Children's Health Volume 122 | Issue 11 | November 2014
Environ Health Perspect; DOI:10.1289/ehp.1408258
Early-Life Bisphenol A Exposure and Child Body Mass Index: A Prospective Cohort Study
Joseph M. Braun,1 Bruce P. Lanphear,2,3 Antonia M. Calafat,4 Sirad Deria,3 Jane Khoury,5 Chanelle J. Howe,1 and Scott A. Venners3
Background: Early-life exposure to bisphenol A (BPA) may increase childhood obesity risk, but few prospective epidemiological studies have investigated this relationship.
Objective: We sought to determine whether early-life exposure to BPA was associated with increased body mass index (BMI) at 2–5 years of age in 297 mother–child pairs from Cincinnati, Ohio (HOME Study).
Methods: Urinary BPA concentrations were measured in samples collected from pregnant women during the second and third trimesters and their children at 1 and 2 years of age. BMI z-scores were calculated from weight/height measures conducted annually from 2 through 5 years of age. We used linear mixed models to estimate BMI differences or trajectories with increasing creatinine-normalized BPA concentrations.
Results: After confounder adjustment, each 10-fold increase in prenatal (β = –0.1; 95% CI: –0.5, 0.3) or early-childhood (β = –0.2; 95% CI: –0.6, 0.1) BPA concentrations was associated with a modest and nonsignificant reduction in child BMI. These inverse associations were suggestively stronger in girls than in boys [prenatal effect measure modification (EMM) p-value = 0.30, early-childhood EMM p-value = 0.05], but sex-specific associations were imprecise. Children in the highest early-childhood BPA tercile had lower BMI at 2 years (difference = –0.3; 95% CI: –0.6, 0.0) and larger increases in their BMI slope from 2 through 5 years (BMI increase per year = 0.12; 95% CI: 0.07, 0.18) than children in the lowest tercile (BMI increase per year = 0.07; 95% CI: 0.01, 0.13). All associations were attenuated without creatinine normalization.
Conclusions: Prenatal and early-childhood BPA exposures were not associated with increased BMI at 2–5 years of age, but higher early-childhood BPA exposures were associated with accelerated growth during this period.
Citation: Braun JM, Lanphear BP, Calafat AM, Deria S, Khoury J, Howe CJ, Venners SA. 2014. Early-life bisphenol A exposure and child body mass index: a prospective cohort study. Environ Health Perspect 122:1239–1245; http://dx.doi.org/10.1289/ehp.1408258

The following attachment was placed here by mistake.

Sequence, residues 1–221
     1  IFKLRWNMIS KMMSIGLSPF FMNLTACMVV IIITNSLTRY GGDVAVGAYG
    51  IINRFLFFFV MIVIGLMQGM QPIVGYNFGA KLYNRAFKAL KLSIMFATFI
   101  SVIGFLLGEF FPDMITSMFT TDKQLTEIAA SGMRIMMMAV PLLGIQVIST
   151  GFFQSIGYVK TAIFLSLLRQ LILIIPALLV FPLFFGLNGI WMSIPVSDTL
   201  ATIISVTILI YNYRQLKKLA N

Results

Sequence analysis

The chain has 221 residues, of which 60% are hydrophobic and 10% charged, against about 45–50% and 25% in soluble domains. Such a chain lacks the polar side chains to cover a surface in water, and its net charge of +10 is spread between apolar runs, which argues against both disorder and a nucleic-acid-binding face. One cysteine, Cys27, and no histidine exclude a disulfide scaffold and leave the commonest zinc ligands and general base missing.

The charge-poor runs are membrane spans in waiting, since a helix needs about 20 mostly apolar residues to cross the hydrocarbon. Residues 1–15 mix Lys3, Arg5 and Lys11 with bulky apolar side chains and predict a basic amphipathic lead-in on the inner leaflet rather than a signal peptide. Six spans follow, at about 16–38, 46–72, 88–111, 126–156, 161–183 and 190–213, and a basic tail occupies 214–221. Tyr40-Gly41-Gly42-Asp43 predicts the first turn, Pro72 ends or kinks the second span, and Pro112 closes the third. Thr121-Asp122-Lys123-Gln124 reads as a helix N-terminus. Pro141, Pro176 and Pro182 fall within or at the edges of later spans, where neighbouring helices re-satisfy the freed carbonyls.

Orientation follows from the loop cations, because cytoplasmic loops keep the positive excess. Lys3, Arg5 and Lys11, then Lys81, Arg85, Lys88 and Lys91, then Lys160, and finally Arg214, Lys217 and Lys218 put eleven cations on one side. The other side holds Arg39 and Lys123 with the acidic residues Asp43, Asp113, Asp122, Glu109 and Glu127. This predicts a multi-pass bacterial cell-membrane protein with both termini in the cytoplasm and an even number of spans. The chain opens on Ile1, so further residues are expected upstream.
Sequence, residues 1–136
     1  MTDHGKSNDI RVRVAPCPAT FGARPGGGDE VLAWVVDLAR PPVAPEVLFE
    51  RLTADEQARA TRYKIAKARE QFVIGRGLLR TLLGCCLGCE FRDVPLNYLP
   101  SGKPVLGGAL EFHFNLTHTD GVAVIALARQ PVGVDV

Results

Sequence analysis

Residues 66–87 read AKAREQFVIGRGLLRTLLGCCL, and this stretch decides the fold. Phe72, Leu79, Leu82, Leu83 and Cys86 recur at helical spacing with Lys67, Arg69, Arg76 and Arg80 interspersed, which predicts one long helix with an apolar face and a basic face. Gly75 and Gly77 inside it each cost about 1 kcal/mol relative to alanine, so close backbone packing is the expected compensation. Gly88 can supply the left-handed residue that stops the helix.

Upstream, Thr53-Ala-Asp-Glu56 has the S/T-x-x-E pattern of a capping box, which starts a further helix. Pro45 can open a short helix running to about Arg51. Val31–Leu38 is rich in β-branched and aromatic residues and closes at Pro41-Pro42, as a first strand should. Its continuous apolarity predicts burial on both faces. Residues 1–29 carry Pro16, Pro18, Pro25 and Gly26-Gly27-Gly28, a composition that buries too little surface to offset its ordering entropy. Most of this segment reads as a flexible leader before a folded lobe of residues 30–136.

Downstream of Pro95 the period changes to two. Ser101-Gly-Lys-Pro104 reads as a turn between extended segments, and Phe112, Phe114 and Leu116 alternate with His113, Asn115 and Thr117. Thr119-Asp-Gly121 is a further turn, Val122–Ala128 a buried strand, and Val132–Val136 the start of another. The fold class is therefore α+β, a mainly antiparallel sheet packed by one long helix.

Address correspondence to J.M. Braun, Department of Epidemiology, Box G-S121-2, Brown University, Providence, RI 02912 USA. Telephone: (401) 863-5397. E-mail: email@example.com
We acknowledge C. Pfeiffer and Z. Fazili from the Centers for Disease Control and Prevention, who performed the whole blood folate assays, as well as other laboratory staff who performed chemical analyses.
This work was supported by National Institute of Environmental Health Sciences grants R00 ES020346, PO1 ES11261, R01 ES014575, and R01 ES020349. S.A.V. was supported by Canadian Institutes of Health Research (CIHR) grant 12301 and Michael Smith Foundation for Health Research (MSFHR) grant 5176.
The findings and conclusions in this report are those of the authors and do not necessarily represent the official position of the Centers for Disease Control and Prevention. J.M.B. was financially compensated for conducting a reanalysis of a study of child lead exposure for the plaintiffs in a public nuisance case related to childhood lead poisoning. B.P.L. has served as an expert witness and a consultant to the California Attorney General’s Office for the plaintiffs in a public nuisance case related to childhood lead poisoning, but he has not personally received any compensation for these services. B.P.L. has also served as a paid consultant on a U.S. Environmental Protection Agency research study related to childhood lead poisoning. None of these activities are directly related to the present study. The other authors declare they have no actual or potential competing financial interests.
Received: 10 February 2014
Accepted: 25 July 2014
Advance Publication: 29 July 2014
Final Publication: 1 November 2014
- Supplemental Material (633 KB) PDF
Child obesity is one of the greatest public health challenges worldwide (World Health Organization 2010). Excess food consumption and inadequate physical activity are major risk factors for obesity, but emerging evidence suggests that exposure to obesogens—chemicals that alter adipogenesis or metabolism—might play a role in increasing obesity risk beyond these traditional risk factors (Janesick and Blumberg 2012; Romano et al. 2014; Tang-Peronard et al. 2011). The developing fetus and infant may be especially sensitive to obesogens because of their immature detoxification pathways and sensitivity to environment inputs. Most epidemiological studies of environmental chemical obesogens have been limited to organochlorine compounds; few have examined contemporary chemicals, such as bisphenol A (BPA) (Tang-Peronard et al. 2011).